Chemical castration for paedophiles approved

BMJ 1996; 313 doi: (Published 21 September 1996) Cite this as: BMJ 1996;313:707

Convicted paedophiles are to be forced to undergo chemical castration as a condition of their parole, under new measures approved in California.

Last week the California Assembly approved the move by 51 to 8. It was passed by the state senate in August, by a similar margin, and now awaits only the signature of governor Pete Wilson, who supports the move. California will be the first state to force convicted paedophiles to undergo chemical castration, but Florida, Texas, Massachusetts, and Washington are considering similar measures.

Under the terms of the law, which takes effect on 1 January 1997, castration would be optional for first time offenders and mandatory for repeat offenders. Men will be offered the choice of permanent castration through surgery or temporary castration through weekly injections of Depo-Provera, which is already used as a female contraceptive. In men Depo-Provera reduces testosterone concentrations and thus sex drive. Testosterone concentrations return to normal when administration of the drug ends.

Dr Fred Berlin, founder of the Johns Hopkins sexual disorders clinic in Baltimore and author of some of the studies on which the legislation was based, criticised the approach because it did not first require medical or psychiatric assessment to see if the individual had a condition that would respond to this treatment.

Dr Berlin cited his own experience in following up 600 people in treatment, 400 of them paedophiles. They received group therapy plus family or individual therapy; only 15% were also undergoing treatment with antiandrogens. Only 8% of the subjects relapsed over a five year period. Thus, “the overwhelming majority did well without medication.”

Dr Berlin suggested that state officials start with a voluntary programme, which can be expanded should it prove successful. He added: “This may be helpful if it gets us to recognise paedophilia as a public health problem. But you cannot punish this behaviour away—something in these people is broken and needs repair. We must make them take responsibility for their behaviour, but we also have to give them the tools to be able to do that.”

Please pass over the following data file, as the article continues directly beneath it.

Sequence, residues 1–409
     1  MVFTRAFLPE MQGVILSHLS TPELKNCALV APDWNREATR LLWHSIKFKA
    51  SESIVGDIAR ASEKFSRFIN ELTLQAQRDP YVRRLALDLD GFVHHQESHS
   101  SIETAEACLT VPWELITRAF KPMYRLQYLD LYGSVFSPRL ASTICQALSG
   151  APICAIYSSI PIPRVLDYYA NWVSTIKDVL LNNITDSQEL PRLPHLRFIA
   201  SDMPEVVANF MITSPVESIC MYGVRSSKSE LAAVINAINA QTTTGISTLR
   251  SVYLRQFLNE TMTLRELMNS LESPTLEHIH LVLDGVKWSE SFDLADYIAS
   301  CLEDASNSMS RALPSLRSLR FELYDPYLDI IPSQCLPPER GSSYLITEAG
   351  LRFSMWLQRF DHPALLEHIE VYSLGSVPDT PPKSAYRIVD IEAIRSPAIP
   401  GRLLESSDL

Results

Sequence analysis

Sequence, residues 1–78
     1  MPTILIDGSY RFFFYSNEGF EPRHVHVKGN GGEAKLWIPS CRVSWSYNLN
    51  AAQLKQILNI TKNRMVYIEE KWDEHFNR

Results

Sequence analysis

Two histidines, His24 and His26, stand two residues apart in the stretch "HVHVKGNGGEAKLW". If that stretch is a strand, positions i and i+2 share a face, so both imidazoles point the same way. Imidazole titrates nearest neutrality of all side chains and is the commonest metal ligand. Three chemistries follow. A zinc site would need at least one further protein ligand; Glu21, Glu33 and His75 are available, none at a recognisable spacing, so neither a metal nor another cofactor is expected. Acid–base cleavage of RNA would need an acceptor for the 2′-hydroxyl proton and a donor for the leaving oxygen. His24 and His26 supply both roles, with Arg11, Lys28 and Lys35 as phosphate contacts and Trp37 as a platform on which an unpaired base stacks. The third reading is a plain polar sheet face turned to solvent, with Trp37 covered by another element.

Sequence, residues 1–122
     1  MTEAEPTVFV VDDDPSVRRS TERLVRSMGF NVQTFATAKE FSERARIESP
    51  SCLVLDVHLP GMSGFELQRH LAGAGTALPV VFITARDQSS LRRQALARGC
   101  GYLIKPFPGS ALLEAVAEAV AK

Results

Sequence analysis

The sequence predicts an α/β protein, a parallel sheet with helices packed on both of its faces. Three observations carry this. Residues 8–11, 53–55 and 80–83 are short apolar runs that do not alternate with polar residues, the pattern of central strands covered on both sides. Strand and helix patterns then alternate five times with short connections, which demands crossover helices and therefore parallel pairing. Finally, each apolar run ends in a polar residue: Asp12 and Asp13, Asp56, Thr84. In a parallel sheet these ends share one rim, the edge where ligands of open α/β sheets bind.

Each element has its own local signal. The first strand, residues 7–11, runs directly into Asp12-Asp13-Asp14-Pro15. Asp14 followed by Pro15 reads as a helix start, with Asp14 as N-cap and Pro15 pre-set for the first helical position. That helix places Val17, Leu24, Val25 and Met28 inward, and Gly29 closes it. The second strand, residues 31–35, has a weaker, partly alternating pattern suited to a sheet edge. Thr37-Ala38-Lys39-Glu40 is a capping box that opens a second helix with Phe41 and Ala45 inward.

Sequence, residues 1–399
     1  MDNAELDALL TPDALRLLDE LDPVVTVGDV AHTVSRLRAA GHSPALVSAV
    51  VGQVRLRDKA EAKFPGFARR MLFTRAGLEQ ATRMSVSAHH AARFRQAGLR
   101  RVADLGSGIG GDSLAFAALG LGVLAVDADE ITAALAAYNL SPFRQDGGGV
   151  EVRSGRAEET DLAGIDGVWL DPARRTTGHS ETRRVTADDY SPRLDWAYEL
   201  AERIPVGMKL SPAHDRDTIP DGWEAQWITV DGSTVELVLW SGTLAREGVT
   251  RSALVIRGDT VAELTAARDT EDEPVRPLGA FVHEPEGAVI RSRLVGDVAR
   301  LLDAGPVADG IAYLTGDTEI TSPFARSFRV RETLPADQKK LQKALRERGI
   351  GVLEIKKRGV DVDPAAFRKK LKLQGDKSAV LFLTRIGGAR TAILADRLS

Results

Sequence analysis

“I think this will lower the reoffence rate somewhat, but not nearly as much as they think it will,” said Dr Robert Dickey, head of the sexual behaviours clinic at the Clarke Institute of Psychiatry, University of Toronto. He noted that the treatment has a number of drawbacks. Depo-Provera has potentially serious side effects, including thromboembolism, and may cause weight gain, fatigue, malaise, mild depression, hypertension, hyperglycaemia, and rare changes in liver enzymes. Also, a high volume of injection is required. Most men will probably receive 400 mg to 500 mg Depo-Provera per week, which amounts to an injection of 2.5 ml into each buttock each time and probably contributes to the high dropout rate seen with this treatment.

Dr Dickey added that there is no guarantee that the treatment will work. Individuals vary in their response, and men given oral doses as high as 700 mg/day have still reported regular sexual arousal and fantasies. “You are relying on their self reports, which raises issues with respect to monitoring,” he said.

The law is expected to be challenged on constitutional grounds.—NORRA MACREADY, freelance journalist, Irvine, California

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